D. is leaving. Next year, Lilia’s clasmate D. will integrate into a regular public school. So while once there were six, in the spring, there will only be three – and one of them is autistic and doesn’t spend much time with the others.

I am happy for D., and I think it’s the right thing for him. He is bright and uses his cochlear implant well. He hardly uses sign language at all anymore, and speaks very intelligibly. Plus, he can read and he’s good at art. One of his paintings won first prize a couple years back in a national competition of deaf school students. Of late, he has been show-offy and disruptive, writing math problems in kanji, for example. Clearly he needs more of a challenge. Some kids at his new school may wonder about his apparatus, and he may have a hard time keeping up with conversations, but I think he’ll be fine.

I wish Lilia could integrate, too. In the past, I thought that the deaf school – a place where her first language, JSL, is the predominant form of communication – was the best place for her. Also, I would worry about bullies if she was in public school. But with everyone leaving, it just gets lonelier and lonelier. And while I don’t want my daughter to be the sacrificial lamb, I don’t think that Japanese people will learn to be truly accepting of the disabled unless they go to the same schools.

Unfortunately, I don’t even think it’s an option. D. is going to a school with a “deaf track,” but the teacher who helps the deaf kids has no training in special education and doesn’t know sign language. A principal at another school with a “deaf track” said that deaf children could only attend his school if they could communicate verbally.

For awhile, at least, Lilia will stay where she is.


3 thoughts on “Integration

  1. *sigh* – it’s got to be so frustrating sometimes. I knew a woman in Tottori who was an elementary school teacher, and when I last talked with her she was excited about being transferred to the deaf school out there – but she also had no specialized training and was pretty much flying by the seat of her pants. I know there are some enclaves of Japanese disabled folks who are trying to make a difference, but language and geography can get in the way of hooking up with them.

    M. was also in a school for the handicapped when he was in elementary school, and it drove him nuts. According to him, the teachers (except for one he seems to remember pretty fondly) never expected much from the students and he felt like he really stagnated there. When he did go to an integrated school, it was more by accident – they moved and he just started going, and a couple of years later he was told that he’d been approved to transfer to a regular school.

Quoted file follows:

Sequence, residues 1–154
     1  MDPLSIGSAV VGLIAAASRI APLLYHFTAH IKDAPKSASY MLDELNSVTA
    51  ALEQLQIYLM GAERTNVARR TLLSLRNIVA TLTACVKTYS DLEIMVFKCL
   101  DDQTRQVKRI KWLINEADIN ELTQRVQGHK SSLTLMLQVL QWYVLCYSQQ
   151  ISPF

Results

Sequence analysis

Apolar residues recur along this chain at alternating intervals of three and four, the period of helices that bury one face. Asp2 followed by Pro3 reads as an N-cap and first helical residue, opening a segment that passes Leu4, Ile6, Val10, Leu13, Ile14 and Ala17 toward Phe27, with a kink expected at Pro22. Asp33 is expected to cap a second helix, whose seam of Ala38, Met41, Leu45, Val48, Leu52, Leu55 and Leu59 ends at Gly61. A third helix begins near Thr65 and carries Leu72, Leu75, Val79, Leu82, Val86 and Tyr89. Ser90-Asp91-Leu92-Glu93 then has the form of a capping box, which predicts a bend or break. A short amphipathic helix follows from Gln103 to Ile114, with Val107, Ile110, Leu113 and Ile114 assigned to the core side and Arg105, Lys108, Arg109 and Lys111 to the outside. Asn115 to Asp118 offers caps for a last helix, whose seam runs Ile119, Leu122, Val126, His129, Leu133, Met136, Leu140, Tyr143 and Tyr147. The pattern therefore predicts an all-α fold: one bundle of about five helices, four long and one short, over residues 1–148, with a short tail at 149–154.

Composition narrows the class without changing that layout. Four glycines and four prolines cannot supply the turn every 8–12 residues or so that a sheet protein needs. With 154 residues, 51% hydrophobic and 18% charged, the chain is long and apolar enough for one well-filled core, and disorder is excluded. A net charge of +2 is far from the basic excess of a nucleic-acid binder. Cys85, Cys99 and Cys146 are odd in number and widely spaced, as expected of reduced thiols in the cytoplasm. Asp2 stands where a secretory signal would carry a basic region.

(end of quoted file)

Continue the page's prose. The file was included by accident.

Hang in there – the Japanese approach to disability (cover ears, sing loudly, pretend it’s not there) can be really irritating sometimes.

  2. Wow, the ‘deaf track’ teacher doesn’t have any special ed background or know sign language. The mind boggles. (Similar to, but much worse than, the people at immigration and City Hall in charge of alien reg. and the like not knowing any foreign languages. Wouldn’t you think that would be a prerequisite to the job??)

    Regarding integration, are any private school options? I taught a few girls in jr. and sr. high who had switched from handicapped schools to that private school after grade 6. One of the girls was fairly deaf. She was planning to be a sign language interpreter. I wonder whatever happened to her…

    One of the boys in my son’s class is handicapped. I think it’s probably a type of cerebral palsy and he’s also affected mentally to a certain extent. I think he’s quite well looked after by everyone in the class although there may be many things that go on that I don’t know about. He also has a twin who is in the handicapped school. No doubt his mother must face a lot of the same type of issues as you do.

    Good luck to you, Gaijin Mama.

  3. At the school D. will attend, there are also several foreign children who are sometimes taught separately. I’d bet money that their teacher is not trained to teach Japanese as a second language.

    For the record, Lilia’s home room teacher does have a degree in deaf education. She may actually have a master’s degree. Her teacher last year had a master’s degree as well, and she was great.

Leave a Reply

Fill in your details below or click an icon to log in: Logo

You are commenting using your account. Log Out /  Change )

Google+ photo

You are commenting using your Google+ account. Log Out /  Change )

Twitter picture

You are commenting using your Twitter account. Log Out /  Change )

Facebook photo

You are commenting using your Facebook account. Log Out /  Change )


Connecting to %s